What was the turnover of our Gucci products at the Amsterdam store in 2017 and 2018?
Are there more men or women who place orders over 100 euros during working hours?
What is the average number of years of service for our inside sales employees in London and in Amsterdam?
Asking questions in natural language in your BI & Analytics environment ensures more intensive use and acceptance. The value of such a solution is suddenly unaffordable!
Everywhere you read that companies which make better use of their data perform better than their competitors. This focus on “data-driven” provides insights and makes correct decisions possible to for example increase sales or lower costs. Capturing and analyzing data is important to every organization and seems obvious. But if you look honestly at your own organization; don’t you feel that a lot of important information is being missed?
One of the reasons for this is, in my opinion, that the users of the data are almost never data experts. I call them irreverent “data dummy”. They are often managers or employees who work in various functional departments. Sales managers, HR managers, controllers, marketers or buyers for example. If you ask them what insight they need, they know it at the main level but not at the detail level. They often don’t know what the data has to offer them.
A “bin” of data consists of tables with fields and rows. This can be huge and might originate from various source systems. They often have cryptic names or abbreviations and unfortunately also often the same names. Take an ERP or CRM system: the field “owner”, “amount”, “source”, “account” or “revenue” is very common in various tables. How do you know if you are using and combining the right fields from the right tables? Only a “data genius” knows its way around this; a data expert who translates the end user’s question into (sometimes very complex) “queries” with underlying logic.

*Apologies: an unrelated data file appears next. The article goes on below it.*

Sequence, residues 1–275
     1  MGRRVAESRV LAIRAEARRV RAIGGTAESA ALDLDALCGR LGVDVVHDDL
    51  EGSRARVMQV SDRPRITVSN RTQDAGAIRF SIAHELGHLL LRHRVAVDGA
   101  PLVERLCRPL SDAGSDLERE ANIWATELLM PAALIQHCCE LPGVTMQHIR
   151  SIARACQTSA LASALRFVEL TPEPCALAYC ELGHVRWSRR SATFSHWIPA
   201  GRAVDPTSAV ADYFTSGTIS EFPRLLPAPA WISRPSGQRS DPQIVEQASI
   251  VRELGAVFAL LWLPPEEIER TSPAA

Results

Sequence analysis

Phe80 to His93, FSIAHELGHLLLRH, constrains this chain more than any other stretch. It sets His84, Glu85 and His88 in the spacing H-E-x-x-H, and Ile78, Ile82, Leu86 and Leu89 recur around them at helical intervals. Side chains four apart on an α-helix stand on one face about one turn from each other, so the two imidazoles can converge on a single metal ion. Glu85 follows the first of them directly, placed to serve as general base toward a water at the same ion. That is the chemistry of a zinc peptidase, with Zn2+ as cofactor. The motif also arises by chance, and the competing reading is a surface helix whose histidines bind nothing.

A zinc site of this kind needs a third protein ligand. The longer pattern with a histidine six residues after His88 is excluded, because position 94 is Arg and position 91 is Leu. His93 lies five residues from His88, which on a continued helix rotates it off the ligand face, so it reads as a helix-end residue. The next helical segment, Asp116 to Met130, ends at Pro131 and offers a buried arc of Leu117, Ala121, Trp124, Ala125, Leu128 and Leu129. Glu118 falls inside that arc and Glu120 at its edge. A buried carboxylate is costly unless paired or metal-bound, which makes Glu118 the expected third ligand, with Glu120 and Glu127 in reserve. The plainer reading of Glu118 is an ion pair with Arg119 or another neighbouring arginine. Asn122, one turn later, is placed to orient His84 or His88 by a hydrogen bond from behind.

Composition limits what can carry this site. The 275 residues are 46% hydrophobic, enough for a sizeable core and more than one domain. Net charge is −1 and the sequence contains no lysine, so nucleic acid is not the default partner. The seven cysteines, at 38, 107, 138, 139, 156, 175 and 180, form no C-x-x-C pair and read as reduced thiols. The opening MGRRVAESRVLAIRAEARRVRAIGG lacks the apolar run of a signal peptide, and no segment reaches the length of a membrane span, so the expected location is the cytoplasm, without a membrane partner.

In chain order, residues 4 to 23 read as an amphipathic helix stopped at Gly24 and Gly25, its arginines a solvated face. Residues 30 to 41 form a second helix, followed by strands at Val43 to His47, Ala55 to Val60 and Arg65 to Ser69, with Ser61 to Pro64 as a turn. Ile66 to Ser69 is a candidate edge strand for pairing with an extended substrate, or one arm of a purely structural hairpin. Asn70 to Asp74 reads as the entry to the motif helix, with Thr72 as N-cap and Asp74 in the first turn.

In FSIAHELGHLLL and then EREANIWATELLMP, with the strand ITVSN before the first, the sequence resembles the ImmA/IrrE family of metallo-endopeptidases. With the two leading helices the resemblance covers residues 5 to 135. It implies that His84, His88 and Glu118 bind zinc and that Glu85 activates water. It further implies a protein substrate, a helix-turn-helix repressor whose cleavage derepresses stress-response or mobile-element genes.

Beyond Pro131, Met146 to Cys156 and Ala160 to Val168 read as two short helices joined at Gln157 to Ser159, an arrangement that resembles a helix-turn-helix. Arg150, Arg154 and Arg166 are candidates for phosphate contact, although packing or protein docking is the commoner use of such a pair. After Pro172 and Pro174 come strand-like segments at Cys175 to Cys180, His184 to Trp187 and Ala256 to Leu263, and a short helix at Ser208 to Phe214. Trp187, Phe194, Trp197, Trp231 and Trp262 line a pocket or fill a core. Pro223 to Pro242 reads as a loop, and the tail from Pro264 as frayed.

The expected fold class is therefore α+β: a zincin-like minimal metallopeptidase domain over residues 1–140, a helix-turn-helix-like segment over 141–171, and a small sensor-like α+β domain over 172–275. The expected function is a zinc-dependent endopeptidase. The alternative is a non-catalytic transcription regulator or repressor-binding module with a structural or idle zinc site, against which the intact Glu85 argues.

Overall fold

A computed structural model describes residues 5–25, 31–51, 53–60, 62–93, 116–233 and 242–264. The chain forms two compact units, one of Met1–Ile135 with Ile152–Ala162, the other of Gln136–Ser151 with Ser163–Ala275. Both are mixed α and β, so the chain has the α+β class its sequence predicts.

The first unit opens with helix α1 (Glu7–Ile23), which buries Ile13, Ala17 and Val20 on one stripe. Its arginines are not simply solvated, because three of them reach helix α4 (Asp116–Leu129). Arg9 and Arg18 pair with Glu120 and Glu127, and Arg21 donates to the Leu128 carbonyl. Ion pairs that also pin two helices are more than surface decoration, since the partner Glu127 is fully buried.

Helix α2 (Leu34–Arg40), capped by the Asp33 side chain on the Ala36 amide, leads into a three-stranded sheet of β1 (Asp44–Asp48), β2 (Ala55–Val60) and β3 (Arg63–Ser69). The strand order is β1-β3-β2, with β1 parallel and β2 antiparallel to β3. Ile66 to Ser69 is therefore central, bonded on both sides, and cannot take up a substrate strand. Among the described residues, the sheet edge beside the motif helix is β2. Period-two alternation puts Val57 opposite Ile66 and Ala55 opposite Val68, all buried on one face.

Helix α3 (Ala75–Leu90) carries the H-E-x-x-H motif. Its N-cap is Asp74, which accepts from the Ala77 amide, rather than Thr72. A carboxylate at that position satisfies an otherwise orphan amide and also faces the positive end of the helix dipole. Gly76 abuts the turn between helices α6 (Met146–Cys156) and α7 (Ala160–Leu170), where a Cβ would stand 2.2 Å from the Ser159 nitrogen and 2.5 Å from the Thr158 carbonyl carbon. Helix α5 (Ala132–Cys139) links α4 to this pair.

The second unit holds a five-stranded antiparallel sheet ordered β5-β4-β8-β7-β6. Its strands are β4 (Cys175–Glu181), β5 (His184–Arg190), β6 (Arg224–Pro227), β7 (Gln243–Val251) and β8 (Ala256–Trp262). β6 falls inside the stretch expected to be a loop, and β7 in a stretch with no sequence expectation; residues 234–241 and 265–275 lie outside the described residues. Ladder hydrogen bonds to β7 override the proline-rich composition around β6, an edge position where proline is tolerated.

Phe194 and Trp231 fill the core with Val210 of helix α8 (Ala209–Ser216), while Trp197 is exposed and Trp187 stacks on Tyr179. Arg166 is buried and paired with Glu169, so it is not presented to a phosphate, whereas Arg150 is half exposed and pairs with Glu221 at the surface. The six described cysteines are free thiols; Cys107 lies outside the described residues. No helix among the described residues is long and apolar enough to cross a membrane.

The fact that a user doesn’t feel comfortable using the BI system because this requires too much knowledge and experience means that the available data is not optimally used. An end user must be able to play with the data himself/herself, get a feel for it and have fun in diving deeper and deeper into the data. Only then will he or she thoroughly understand the data, be able to find interesting relationships, explain deviations in the data, draw conclusions and take action.
Fortunately, the technique of converting from natural language to unambiguous language that the software understands is now available. And that is a party for the user: we can all become a data genius!
A good example of the use of natural language is the new “Ask Data” function of self-service BI & Analytics solution Tableau. Read more here including a short demo or download a free trial from Tableau.
Jolanda is Cadran's Marketing Manager.